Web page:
The meter 100 further includes an electromagnetic shield 145 (illustrated in broken line), located about a portion of the electric meter circuitry 140. The meter 100 further includes a wireless communication circuit 160, coupled to the electric meter circuitry 140 via a data port 162. In a preferred embodiment, the electric meter circuitry 140 is coupled to the wireless communication circuit 160 via a flexible strip connector. Of course, the use of other coupling devices is well within the broad scope of the present invention.
The meter 100 further includes an antenna 170 that allows the electric meter circuitry 140 to communicate wirelessly through the dielectric housing 120. The meter 100 still further includes a capacitively backed up power supply 190 that powers the electric meter circuitry 140 and the wireless communication circuit 160. The meter 100 may thus communicate power outage information to the electricity provider during a loss of power.
The electromagnetic shield 145 is designed to attenuate interference from the electric meter circuitry 140 that may disrupt an operation of the wireless communication circuit 160. The electromagnetic shield 145 is also designed to protect the electric meter circuitry 140 from interference generated by the wireless communication circuit 160. Those skilled in the art will understand, however, that the electromagnetic shield 145 is not necessary to the present invention.
The antenna 170 includes antenna elements 172, 174, located within the dielectric housing 120. In the illustrated embodiment, the antenna elements 172, 174 are located between the circuit boards 150 and proximate the electric meter circuitry 140. Of course, the antenna elements 172, 174 may also be located elsewhere within the dielectric housing 120. The antenna elements 172, 174 are adapted to transmit and receive electromagnetic radiation. The antenna 170 further includes a balance circuit 176, coupled to the antenna elements 172, 174, that causes the antenna elements 172, 174 to cooperate to act as a dipole. Again, the present invention is not limited to a dipole.
The balance circuit 176 is couplable to an unbalanced output port 164 of the wireless communication circuit 160 to balance an impedance of the output port 164 and thereby to balance the dipole. The balance circuit 176 may also compensate for unfavorable electromagnetic conditions caused by, for example, sources of constructive and destructive interference within the meter 100. In one embodiment of the present invention, the balance circuit 176 is a microstrip. Of course, the use of other devices for the balance circuit 176 is well within the broad scope of the present invention.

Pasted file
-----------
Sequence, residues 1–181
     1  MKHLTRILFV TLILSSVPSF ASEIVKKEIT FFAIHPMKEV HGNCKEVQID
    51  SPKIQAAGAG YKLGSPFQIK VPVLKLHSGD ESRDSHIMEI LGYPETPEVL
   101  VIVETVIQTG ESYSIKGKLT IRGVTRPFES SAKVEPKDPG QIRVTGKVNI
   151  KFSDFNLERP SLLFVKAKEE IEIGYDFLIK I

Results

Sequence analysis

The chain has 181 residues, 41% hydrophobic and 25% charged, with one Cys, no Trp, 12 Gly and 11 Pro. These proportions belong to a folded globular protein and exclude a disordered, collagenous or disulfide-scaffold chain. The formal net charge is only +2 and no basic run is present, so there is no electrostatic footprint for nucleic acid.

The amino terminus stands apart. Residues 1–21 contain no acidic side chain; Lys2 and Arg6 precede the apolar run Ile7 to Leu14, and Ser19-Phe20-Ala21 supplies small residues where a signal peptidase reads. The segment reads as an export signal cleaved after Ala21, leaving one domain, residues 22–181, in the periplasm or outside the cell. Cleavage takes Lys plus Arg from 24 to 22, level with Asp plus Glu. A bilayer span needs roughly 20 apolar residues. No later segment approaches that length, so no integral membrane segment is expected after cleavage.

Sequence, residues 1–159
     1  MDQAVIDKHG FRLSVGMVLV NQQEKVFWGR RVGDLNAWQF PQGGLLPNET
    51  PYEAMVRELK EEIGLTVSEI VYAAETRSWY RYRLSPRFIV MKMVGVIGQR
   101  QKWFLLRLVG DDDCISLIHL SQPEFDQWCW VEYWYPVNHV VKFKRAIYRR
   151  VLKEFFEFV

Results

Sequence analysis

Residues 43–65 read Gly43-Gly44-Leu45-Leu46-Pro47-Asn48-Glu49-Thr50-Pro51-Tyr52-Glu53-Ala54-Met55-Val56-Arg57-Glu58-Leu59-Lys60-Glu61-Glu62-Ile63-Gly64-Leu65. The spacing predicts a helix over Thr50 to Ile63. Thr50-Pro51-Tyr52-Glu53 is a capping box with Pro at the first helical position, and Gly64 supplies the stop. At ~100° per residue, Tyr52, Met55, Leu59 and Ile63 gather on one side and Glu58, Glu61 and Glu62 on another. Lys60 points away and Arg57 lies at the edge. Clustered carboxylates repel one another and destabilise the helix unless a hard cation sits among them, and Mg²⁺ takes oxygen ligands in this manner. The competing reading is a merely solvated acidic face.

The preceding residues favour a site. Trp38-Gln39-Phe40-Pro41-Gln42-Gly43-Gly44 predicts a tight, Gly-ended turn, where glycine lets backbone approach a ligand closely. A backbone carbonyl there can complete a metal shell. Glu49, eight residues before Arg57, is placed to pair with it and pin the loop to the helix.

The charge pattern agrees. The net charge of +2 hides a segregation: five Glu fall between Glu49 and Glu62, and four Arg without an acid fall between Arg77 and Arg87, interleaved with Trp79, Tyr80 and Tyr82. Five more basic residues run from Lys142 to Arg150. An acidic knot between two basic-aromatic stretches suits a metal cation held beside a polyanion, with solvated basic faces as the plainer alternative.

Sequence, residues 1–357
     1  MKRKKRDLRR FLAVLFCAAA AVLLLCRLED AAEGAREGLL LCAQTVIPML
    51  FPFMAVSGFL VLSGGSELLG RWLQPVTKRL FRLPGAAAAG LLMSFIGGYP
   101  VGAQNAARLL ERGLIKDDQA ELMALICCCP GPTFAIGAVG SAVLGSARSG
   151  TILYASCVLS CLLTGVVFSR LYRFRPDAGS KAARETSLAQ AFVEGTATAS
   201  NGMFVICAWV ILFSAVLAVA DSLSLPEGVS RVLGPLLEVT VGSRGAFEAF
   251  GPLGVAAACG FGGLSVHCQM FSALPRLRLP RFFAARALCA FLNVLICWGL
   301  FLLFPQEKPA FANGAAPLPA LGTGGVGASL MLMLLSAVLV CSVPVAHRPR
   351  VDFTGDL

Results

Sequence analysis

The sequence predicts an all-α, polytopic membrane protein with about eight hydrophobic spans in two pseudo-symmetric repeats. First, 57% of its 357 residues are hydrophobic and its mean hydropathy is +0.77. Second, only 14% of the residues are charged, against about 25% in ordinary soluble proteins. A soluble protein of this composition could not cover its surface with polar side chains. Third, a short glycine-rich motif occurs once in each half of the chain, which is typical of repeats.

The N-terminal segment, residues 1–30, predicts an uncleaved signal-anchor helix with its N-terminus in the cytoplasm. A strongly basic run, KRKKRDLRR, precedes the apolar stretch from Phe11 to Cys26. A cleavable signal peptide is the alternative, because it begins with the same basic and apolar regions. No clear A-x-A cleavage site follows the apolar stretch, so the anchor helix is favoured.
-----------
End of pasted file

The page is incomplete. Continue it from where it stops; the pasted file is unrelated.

In the illustrated embodiment, the electric meter circuitry 140 includes current and voltage sensors that scale input voltage and current, thereby allowing metering data (e.g., voltage, current, power, energy usage, power demand, power factor, time of use, interval recordings of energy usage, power quality information, power outage information, site analysis information, diagnostic information, and meter billing information) to be gathered. The data gathered may be instantaneous or may be gathered over a period of time. Those skilled in the art will realize that the present invention is not limited to the types of data mentioned herein, but may also be used to measure and gather other types of data related to the electric power provided and consumed.
The wireless communications circuit 160 and the antenna 170 allow the meter 100 to communicate via wireless communication networks, such as conventional ArdisŪ or RAM Mobile SystemsŪ Wireless Data networks. The meter 100 may thus report data to the electricity provider. In a preferred embodiment, the communication is bidirectional, allowing the meter 100 to report data or to accept remotely-generated operational commands. In one embodiment the communications circuit 160 is digital. The communications circuit 160 can also be used to receive information, to include, without being limited to, information consisting of meter information queries, meter commands, diagnostic queries, and maintenance commands. In a particularly useful embodiment, the communications circuit 160 communicates over cellular frequencies.
Turning now to
The antenna 270 contains antenna elements 272, 274, and a balance circuit 276. In one embodiment of the present invention, the antenna elements 272, 274 are arcuate, have a flattened lateral cross-section, and generally conform to a portion of an internal surface of a dielectric housing 220. In the illustrated embodiment, the antenna elements 272, 274 are composed of 0.028″ thick copper, approximately 3.1″ long and 0.25″ wide, with a radius of curvature of about 2.625″. Of course, other conductor shapes and radii of curvature are well within the broad scope of the present invention.